Warren, Schumer, Markey Urge FAA to Require Epinephrine Auto-Injectors in Airlines’ In-Flight Emergency Medical Kits
“Having an epinephrine auto-injector available is especially crucial in a setting like an airplane, where emergency medical personnel may not be present or immediately available.”
Washington, D.C. – U.S. Senators Elizabeth Warren (D-Mass.), Senate Majority Leader Chuck Schumer (D-N.Y.), and Ed Markey (D-Mass.) sent a letter to Federal Aviation Administration (FAA) Administrator, Michael Whitaker, raising concern about the omission of epinephrine auto-injectors from current standing FAA regulation for in-flight emergency kits, and asking the agency to amend the regulation to require that these kits include epinephrine auto-injectors.
Current FAA regulation requires that passenger flights carry a medical kit on board in the event of an emergency. However, epinephrine auto-injectors – which are often the first-and-best line of defense when someone experiences an anaphylactic allergic reaction – are not required to be included. In August, in a Boston Globe Op-Ed, Massachusetts resident Lindsey Ulin shared her own experience with unexpected anaphylactic shock during a flight, and how the absence of an epinephrine auto-injector on the plane put her life at serious risk.
“The glaring gap in FAA’s regulations disregards the widely-accepted guidance by medical professionals who stress the importance of epinephrine auto-injectors in treating anaphylaxis, and puts airline passengers at risk,” wrote the lawmakers.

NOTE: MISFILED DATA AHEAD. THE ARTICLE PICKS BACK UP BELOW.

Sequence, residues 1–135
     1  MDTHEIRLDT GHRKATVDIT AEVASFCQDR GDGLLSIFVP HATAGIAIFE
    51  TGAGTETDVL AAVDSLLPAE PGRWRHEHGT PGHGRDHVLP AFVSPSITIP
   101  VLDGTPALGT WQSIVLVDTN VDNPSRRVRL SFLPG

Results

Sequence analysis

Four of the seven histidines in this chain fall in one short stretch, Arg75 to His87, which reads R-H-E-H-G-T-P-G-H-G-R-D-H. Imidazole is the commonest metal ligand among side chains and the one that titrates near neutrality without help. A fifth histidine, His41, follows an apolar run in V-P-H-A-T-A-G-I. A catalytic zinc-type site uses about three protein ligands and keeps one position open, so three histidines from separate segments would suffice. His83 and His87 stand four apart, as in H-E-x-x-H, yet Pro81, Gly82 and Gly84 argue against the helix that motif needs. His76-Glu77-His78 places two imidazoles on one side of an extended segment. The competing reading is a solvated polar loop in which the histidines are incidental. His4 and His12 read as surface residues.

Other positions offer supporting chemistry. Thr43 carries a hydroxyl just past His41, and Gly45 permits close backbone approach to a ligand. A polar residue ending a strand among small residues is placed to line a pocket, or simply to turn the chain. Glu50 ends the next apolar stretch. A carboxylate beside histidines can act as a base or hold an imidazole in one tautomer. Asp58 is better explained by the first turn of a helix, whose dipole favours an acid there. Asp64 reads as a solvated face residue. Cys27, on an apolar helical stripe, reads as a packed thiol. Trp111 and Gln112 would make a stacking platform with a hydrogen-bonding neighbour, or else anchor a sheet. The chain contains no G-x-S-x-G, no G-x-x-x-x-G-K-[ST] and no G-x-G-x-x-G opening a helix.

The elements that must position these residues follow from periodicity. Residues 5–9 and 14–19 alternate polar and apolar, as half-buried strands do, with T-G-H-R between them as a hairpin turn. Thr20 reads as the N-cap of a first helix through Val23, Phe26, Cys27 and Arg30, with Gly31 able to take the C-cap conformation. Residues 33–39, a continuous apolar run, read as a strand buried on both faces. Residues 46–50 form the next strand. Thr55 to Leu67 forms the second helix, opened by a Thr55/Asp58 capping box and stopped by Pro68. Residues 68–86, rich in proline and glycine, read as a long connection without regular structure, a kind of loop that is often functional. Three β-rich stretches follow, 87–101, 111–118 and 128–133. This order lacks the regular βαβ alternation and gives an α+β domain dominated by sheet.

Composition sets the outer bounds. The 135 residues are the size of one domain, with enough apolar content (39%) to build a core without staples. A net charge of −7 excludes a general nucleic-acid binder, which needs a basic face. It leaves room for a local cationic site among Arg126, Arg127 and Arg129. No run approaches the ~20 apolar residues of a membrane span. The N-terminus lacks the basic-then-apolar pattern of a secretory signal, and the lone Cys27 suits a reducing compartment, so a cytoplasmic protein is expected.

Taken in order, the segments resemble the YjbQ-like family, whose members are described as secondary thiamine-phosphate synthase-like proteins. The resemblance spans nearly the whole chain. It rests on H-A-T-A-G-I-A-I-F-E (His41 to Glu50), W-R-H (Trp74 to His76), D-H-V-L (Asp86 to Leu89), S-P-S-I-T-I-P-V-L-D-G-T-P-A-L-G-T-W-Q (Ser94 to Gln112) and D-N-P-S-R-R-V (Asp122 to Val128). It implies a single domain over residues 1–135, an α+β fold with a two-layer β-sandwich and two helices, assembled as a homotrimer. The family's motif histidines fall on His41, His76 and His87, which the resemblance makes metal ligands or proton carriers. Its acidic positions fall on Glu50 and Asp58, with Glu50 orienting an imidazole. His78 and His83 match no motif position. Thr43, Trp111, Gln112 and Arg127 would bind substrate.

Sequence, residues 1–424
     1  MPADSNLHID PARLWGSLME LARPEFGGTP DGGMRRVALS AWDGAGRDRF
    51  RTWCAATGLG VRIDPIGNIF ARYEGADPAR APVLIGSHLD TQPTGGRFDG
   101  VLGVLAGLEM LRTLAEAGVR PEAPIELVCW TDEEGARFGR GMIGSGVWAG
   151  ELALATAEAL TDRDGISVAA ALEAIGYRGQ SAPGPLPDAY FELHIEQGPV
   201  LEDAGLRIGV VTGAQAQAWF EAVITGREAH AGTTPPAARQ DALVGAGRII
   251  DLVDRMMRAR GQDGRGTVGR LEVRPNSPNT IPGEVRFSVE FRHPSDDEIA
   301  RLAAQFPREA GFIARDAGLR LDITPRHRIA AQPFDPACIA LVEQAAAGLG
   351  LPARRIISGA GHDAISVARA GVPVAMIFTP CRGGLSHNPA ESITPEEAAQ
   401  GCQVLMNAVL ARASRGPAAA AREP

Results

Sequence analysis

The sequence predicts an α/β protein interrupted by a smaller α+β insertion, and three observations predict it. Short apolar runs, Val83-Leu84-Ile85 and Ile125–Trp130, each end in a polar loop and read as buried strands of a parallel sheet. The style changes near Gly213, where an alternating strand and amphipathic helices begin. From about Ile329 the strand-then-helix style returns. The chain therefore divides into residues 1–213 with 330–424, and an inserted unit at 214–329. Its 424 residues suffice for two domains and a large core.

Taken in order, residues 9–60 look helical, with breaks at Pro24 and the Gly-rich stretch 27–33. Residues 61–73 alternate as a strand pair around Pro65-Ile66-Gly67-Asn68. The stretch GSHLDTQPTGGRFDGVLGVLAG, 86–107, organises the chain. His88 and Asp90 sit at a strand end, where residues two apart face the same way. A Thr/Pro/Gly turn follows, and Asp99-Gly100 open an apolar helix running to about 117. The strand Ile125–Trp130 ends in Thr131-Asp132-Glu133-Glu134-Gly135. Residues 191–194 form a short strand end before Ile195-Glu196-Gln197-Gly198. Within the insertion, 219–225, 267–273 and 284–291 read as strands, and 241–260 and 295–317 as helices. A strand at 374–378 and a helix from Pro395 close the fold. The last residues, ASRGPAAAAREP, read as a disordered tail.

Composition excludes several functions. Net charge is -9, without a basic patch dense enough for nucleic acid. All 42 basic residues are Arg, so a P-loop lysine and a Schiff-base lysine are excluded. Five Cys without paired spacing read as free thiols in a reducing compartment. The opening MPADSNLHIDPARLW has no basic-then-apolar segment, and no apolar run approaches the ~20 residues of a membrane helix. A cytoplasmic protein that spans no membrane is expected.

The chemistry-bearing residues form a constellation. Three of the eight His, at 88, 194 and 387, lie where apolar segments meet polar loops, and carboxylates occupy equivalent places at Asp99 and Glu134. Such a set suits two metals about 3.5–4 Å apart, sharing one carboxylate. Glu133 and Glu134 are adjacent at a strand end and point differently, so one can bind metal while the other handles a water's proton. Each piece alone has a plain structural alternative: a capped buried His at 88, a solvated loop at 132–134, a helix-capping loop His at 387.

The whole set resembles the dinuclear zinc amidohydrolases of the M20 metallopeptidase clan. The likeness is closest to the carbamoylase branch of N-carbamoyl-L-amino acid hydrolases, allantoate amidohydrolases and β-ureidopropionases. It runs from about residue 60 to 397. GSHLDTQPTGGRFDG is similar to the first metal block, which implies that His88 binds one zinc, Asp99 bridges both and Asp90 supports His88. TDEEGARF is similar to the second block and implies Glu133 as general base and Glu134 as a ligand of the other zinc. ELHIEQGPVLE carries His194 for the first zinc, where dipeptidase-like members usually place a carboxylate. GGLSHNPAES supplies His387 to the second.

In the letter, lawmakers noted that “numerous passengers have reported life-threatening emergencies” while in the air and have been forced to rely on fellow passengers who just happened to have epinephrine auto-injectors on hand. While these travelers were fortunate, the lawmakers argued that “we cannot continue to rely on good fortune to protect the 2.9 million passengers on every one of the 45,000 daily airline flights in the United States.”
While the FAA has previously required a number of single dose ampules of epinephrine be available on flights, these typically are used in the event of a cardiac emergency and require the presence of a trained medical professional to “properly measure the correct dosage and administer the injection.” The lawmakers are urging the FAA to follow recommendations of the Aerospace Medical Association and require emergency medical kits on board to include epinephrine auto-injectors.
“We urge you to amend the current standing regulation to require that epinephrine auto-injectors be included in the emergency medical kit of every flight, as well as engage in regular review of medical kit requirements,” concluded the lawmakers. “We ask that you provide us with a staff-level briefing within 30 days on this matter, and we thank you for your consideration of this request to ensure the safety and health of passengers across our nation’s skies.”
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